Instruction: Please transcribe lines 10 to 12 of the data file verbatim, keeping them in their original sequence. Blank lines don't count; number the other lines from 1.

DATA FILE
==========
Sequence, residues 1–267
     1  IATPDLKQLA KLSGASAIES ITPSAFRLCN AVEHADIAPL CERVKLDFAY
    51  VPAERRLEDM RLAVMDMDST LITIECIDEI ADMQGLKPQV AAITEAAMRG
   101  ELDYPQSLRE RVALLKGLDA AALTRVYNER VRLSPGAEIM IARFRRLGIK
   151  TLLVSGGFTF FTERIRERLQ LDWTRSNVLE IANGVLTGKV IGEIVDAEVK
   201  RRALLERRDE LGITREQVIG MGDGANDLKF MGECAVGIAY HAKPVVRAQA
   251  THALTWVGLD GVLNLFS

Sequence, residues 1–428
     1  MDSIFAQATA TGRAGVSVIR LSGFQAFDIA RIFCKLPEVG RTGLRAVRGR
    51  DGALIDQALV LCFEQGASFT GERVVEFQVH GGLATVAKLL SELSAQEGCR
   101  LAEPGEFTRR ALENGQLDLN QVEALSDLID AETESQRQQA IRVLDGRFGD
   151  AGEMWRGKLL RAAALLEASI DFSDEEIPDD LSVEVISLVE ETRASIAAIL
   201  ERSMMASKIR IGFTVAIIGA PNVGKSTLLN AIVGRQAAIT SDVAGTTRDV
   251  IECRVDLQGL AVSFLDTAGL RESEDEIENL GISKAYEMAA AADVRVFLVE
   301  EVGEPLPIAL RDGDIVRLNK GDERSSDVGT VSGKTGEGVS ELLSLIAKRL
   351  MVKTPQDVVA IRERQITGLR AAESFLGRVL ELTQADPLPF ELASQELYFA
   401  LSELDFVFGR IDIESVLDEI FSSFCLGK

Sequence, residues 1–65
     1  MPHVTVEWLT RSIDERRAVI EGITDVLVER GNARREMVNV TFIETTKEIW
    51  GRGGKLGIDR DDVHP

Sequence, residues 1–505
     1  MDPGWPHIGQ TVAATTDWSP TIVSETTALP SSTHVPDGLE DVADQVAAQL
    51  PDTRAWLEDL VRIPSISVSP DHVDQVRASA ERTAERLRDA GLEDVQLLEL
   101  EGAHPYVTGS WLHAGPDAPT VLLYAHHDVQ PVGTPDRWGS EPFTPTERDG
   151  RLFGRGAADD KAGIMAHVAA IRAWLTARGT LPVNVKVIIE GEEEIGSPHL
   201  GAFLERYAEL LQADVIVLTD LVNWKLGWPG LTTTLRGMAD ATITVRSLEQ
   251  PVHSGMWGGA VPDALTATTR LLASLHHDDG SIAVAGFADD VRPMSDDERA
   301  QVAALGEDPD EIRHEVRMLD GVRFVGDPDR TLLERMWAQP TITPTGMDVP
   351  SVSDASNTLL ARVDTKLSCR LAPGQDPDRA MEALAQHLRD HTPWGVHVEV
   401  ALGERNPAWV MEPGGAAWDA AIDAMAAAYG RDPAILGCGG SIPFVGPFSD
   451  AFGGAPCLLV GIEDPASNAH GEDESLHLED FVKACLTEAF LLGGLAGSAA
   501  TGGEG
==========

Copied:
    51  DGALIDQALV LCFEQGASFT GERVVEFQVH GGLATVAKLL SELSAQEGCR
   101  LAEPGEFTRR ALENGQLDLN QVEALSDLID AETESQRQQA IRVLDGRFGD
   151  AGEMWRGKLL RAAALLEASI DFSDEEIPDD LSVEVISLVE ETRASIAAIL